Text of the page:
• Noticing unfamiliar healthcare providers or treatments listed on your explanation of benefits (EOB) statements.
  • Being denied insurance coverage due to inaccurate information in your medical records.
  • Receiving unsolicited calls or emails offering medical products or services.

If you suspect that your patient data has been breached, you should contact your healthcare provider immediately to discuss your concerns and determine the appropriate course of action. You can also contact an attorney in your area who handles healthcare data breaches for advice and assistance.

What Should I Ask My Healthcare Provider?

When you (or your attorney) reach out to your healthcare provider about a potential data breach, it’s important to ask the right questions to ensure that you have a clear understanding of the situation and the steps being taken to address it. Some key questions to consider include:

  • What specific information was involved in the breach, and how many individuals were affected?
  • When did the breach occur, and when was it discovered?
  • How did the breach happen, and what measures have been implemented to prevent similar incidents in the future?
  • What steps is the healthcare organization taking to mitigate the potential consequences of the breach, such as providing free credit monitoring or identity theft protection services?
  • Who can you contact for further information or assistance, and what resources are available to help you navigate the aftermath of the breach?

What Steps Should I Take After a Patient Data Breach?

If you have confirmed that a data breach has compromised your patient data, there are several steps you can take to protect yourself and minimize the potential impact:

  1. Place a fraud alert on your credit reports to notify creditors that they should take extra precautions to verify your identity before granting credit in your name.
  2. Consider placing a security freeze on your credit files, which prevents new accounts from being opened in your name without your explicit consent.
  3. Review your credit reports and financial statements regularly for any suspicious activity or unauthorized transactions.
  4. Monitor your medical records and EOBs closely for any inaccuracies or discrepancies that could indicate medical identity theft.
  5. If you suspect that someone used your information for fraudulent purposes, file a report with the appropriate authorities, such as the Federal Trade Commission (FTC) or your local law enforcement agency.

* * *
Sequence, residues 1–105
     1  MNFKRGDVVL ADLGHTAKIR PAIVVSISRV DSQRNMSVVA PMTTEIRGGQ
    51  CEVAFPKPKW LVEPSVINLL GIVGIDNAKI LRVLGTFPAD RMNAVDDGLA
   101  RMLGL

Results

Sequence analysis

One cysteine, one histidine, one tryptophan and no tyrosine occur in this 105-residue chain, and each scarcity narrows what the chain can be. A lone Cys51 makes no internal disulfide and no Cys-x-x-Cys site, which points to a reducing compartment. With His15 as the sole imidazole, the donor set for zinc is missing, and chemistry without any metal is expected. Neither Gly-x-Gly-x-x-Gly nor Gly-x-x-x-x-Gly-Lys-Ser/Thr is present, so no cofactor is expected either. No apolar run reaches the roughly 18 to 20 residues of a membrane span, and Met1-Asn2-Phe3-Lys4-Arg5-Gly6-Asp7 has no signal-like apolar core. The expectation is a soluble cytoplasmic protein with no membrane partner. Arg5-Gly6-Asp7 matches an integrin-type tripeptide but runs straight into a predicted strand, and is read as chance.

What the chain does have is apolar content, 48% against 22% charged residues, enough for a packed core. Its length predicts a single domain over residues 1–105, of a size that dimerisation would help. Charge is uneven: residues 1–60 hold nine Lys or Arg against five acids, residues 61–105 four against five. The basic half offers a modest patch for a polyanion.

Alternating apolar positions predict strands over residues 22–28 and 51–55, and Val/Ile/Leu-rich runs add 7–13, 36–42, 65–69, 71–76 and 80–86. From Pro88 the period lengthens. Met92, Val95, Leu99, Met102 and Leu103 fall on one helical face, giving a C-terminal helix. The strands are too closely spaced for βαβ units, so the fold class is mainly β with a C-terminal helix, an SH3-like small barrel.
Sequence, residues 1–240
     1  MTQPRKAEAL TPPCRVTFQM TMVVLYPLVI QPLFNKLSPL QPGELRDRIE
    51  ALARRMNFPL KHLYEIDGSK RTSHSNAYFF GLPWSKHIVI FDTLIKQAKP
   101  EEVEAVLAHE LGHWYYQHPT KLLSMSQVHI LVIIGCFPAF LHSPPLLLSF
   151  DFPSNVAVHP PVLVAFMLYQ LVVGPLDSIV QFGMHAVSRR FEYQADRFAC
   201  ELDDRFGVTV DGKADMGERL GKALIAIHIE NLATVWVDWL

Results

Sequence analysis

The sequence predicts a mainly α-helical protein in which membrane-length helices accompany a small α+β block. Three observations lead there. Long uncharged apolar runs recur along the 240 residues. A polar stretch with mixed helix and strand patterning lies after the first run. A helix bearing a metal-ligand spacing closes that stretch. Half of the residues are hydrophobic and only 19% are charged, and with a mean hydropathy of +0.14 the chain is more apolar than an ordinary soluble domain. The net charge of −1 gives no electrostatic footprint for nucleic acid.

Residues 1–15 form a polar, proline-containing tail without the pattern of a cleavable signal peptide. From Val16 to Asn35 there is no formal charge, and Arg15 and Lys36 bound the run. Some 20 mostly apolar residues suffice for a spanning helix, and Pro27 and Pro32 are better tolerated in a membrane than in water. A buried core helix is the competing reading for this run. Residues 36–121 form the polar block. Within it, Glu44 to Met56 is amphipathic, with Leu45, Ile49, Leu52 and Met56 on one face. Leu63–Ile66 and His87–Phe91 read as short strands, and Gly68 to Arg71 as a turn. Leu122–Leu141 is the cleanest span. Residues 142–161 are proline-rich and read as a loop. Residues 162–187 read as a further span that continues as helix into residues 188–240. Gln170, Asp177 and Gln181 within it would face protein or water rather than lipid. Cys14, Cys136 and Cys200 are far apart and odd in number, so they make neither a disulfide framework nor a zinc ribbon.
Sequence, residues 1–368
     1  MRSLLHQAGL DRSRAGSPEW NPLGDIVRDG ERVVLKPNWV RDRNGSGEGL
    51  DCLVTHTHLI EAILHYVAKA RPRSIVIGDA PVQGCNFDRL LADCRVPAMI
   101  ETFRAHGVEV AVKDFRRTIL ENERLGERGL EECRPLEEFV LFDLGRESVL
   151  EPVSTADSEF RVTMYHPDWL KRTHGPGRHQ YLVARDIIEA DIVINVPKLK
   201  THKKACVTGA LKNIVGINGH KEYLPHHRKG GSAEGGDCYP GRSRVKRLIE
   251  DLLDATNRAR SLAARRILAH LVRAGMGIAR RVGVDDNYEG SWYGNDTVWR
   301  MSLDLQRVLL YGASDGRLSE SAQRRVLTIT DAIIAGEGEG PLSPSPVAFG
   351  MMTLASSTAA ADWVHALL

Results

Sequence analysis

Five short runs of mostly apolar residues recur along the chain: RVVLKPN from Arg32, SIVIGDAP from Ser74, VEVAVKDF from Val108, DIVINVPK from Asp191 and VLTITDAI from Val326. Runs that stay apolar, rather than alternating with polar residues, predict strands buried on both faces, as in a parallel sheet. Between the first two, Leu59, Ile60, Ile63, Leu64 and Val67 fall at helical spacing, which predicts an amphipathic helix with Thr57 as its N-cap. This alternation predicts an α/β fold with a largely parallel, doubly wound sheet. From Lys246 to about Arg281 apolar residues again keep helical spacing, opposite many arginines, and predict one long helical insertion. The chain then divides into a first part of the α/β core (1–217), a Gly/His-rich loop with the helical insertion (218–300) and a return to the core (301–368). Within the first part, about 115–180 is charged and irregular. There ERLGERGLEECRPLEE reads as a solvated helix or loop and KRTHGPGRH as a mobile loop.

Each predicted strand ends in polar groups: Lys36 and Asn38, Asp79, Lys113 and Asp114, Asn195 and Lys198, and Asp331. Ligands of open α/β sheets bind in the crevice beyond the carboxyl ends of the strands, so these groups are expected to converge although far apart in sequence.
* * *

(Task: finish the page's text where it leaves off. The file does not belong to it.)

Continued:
6. Take advantage of any free credit monitoring or identity theft protection services the breached healthcare organization offers. However, be cautious of unsolicited offers that may be scams.
  7. Stay informed about the breach and any updates from the healthcare provider. Consider seeking legal advice if you believe that your rights have been violated or that you have suffered harm due to the breach.

How Can an Attorney Help?

Doctor interacting with a digital medical interface displaying various healthcare icons and data on a laptop.

In the wake of a patient data breach, an experienced attorney can be an invaluable resource for protecting your rights and seeking compensation for any damages you may have suffered. A knowledgeable data breach attorney can:

  • Evaluate your case and determine whether you have grounds for legal action against the healthcare organization or other responsible parties.
  • Advise you on the appropriate steps to take to mitigate the potential consequences of the breach and preserve your legal rights.
  • Represent you in negotiations with the healthcare provider or their insurance company to seek a fair settlement for any losses or damages you have incurred.
  • File a lawsuit on your behalf if necessary to hold the responsible parties accountable and pursue compensation for your damages, which may include monetary losses, emotional distress, and other related expenses.

Contact an Experienced Healthcare Data Breach Attorney Today

Healthcare data breaches are a serious and growing threat to patient privacy and security. If you suspect that your patient data has been compromised, it’s crucial to take swift action to protect yourself and minimize the potential impact on your life and well-being. By staying informed, asking the right questions, and taking proactive steps to secure your information, you can reduce your risk of falling victim to identity theft or other fraudulent activities.

If you believe that a healthcare data breach has adversely affected you and you need legal assistance, the experienced consumer protection attorneys at Kazerouni Law Group, APC, are here to help. With decades of collective experience handling data breach cases, our team is prepared to fight for your rights and hold negligent healthcare organizations accountable for their failure to protect sensitive information. 

Contact us today for a free consultation to discuss your case and learn more about how we can help you navigate the complex legal landscape of healthcare data breaches.